Islamic Studies al-Ghazali
by
Oliver Leaman
  • LAST REVIEWED: 10 May 2017
  • LAST MODIFIED: 26 May 2016
  • DOI: 10.1093/obo/9780195390155-0028

Introduction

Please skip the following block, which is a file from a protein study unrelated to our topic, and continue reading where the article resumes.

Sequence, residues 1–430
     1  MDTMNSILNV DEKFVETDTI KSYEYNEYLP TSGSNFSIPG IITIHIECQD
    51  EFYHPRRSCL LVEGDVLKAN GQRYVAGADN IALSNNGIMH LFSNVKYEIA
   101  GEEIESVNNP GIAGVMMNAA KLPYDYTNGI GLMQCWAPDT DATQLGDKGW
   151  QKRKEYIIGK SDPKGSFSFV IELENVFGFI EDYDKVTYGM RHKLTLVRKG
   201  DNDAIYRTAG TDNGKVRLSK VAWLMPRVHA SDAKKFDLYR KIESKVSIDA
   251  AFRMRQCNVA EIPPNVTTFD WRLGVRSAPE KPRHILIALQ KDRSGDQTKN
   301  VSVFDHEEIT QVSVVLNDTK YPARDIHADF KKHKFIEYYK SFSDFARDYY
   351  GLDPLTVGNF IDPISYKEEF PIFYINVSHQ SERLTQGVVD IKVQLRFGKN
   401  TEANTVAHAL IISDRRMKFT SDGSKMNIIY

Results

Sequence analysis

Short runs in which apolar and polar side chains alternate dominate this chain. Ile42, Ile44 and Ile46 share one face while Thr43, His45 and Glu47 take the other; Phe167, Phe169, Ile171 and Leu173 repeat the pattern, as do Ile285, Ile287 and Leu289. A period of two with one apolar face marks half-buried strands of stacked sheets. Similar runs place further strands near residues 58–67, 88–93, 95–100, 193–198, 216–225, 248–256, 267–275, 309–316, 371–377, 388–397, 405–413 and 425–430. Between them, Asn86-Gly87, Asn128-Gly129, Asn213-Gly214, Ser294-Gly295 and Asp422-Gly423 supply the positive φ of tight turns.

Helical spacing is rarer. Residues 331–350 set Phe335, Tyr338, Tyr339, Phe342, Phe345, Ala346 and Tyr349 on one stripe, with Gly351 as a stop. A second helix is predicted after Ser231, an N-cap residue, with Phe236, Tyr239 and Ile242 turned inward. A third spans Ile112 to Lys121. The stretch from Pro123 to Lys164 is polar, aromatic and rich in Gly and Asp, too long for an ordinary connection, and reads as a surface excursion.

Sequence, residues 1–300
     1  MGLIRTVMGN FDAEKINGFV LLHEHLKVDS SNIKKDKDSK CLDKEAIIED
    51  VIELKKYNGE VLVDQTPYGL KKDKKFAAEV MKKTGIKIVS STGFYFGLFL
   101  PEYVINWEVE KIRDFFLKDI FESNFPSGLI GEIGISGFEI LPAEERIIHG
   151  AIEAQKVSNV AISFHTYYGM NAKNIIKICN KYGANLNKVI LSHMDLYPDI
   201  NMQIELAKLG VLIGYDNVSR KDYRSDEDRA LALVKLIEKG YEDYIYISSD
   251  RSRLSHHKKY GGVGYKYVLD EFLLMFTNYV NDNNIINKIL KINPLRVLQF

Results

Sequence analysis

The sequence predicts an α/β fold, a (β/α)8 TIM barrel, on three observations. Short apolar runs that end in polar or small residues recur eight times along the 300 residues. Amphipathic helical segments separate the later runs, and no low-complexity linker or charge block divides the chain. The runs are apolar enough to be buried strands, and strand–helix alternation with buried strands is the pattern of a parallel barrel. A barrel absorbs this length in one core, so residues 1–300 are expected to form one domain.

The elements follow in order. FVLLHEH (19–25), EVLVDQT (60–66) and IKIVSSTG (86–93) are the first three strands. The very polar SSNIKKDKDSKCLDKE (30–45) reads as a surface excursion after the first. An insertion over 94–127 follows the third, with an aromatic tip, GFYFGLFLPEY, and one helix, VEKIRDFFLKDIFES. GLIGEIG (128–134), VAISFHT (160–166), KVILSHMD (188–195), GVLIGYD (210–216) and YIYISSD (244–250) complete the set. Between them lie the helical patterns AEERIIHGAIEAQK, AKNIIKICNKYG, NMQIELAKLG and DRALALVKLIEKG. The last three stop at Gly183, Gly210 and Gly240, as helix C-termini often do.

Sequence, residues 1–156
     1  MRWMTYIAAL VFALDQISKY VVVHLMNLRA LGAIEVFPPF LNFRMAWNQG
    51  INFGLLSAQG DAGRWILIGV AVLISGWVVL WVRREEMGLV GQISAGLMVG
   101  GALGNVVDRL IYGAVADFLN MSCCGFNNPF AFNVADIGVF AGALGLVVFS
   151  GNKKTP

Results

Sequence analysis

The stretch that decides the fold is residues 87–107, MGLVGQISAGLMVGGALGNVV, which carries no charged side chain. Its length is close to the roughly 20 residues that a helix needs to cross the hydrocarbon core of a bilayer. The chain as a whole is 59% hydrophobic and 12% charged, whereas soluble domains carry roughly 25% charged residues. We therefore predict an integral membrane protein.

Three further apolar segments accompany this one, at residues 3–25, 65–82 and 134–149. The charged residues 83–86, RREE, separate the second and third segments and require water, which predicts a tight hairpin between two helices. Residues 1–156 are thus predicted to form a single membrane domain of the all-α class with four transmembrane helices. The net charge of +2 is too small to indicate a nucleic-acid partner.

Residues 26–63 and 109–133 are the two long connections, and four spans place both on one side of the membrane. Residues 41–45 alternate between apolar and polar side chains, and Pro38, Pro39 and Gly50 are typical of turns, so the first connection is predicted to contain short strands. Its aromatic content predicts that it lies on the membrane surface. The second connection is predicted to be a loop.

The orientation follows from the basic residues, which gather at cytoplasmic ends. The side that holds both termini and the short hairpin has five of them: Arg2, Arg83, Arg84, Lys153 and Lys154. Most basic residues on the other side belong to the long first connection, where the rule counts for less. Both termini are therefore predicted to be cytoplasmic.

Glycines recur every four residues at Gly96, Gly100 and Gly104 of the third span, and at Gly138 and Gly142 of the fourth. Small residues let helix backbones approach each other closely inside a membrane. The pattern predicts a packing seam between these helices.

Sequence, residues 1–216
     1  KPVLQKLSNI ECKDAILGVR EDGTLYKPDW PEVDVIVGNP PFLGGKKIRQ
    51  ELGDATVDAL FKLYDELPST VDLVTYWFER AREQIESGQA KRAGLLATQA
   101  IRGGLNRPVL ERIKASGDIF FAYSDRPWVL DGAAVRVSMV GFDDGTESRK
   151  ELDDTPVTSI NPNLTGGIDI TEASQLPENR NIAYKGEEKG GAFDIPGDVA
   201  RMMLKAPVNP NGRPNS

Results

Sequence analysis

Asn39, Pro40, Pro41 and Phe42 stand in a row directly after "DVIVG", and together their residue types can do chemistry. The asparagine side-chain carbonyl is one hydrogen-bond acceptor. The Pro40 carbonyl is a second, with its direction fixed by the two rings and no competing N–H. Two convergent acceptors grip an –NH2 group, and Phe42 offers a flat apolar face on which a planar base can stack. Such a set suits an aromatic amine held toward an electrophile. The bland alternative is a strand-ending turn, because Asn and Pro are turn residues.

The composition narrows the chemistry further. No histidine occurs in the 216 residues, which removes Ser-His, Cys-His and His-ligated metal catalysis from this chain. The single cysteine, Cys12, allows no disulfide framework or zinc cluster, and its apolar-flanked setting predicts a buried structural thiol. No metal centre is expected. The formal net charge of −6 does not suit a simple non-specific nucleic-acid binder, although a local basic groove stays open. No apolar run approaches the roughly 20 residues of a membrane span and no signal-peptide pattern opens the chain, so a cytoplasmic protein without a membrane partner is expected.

Al-Ghazali (c. 1058–1111) is widely regarded as one of the most impressive thinkers in the Sunni Islamic world, encompassing a wide range of intellectual positions through his career. He started off as a fairly standard Ashʿarite theologian but then became interested in philosophy in the Peripatetic tradition, which he sought to refute, yet he also held onto some of its main principles and arguments. In his position as a major thinker in the Sunni state based in Baghdad, he also spent some time and effort refuting the Ismaʿili challenge to orthodox Islam. Finally, he became entranced with a version of Sufism and abandoned his official role and public status, preferring the relative solitude and isolation of the mystical form of life. In all his writings, al-Ghazali put his own character into his work, and it is never possible to accuse him of following others’ ideas slavishly. Indeed, if there is one theme that al-Ghazali can be said to have maintained throughout his life, it is his repugnance for taqlid (imitation) and his advocacy of the significance of discovering the truth for oneself. Given his frequent change of view, he was often accused by his enemies of being inconsistent, and the precise nature of his thought is difficult to pin down definitively, thus leading to extensive controversy between those who believe that he is basically a philosopher with an interest in mysticism and those who regard him predominantly as a mystic with occasional philosophical ways of expressing himself.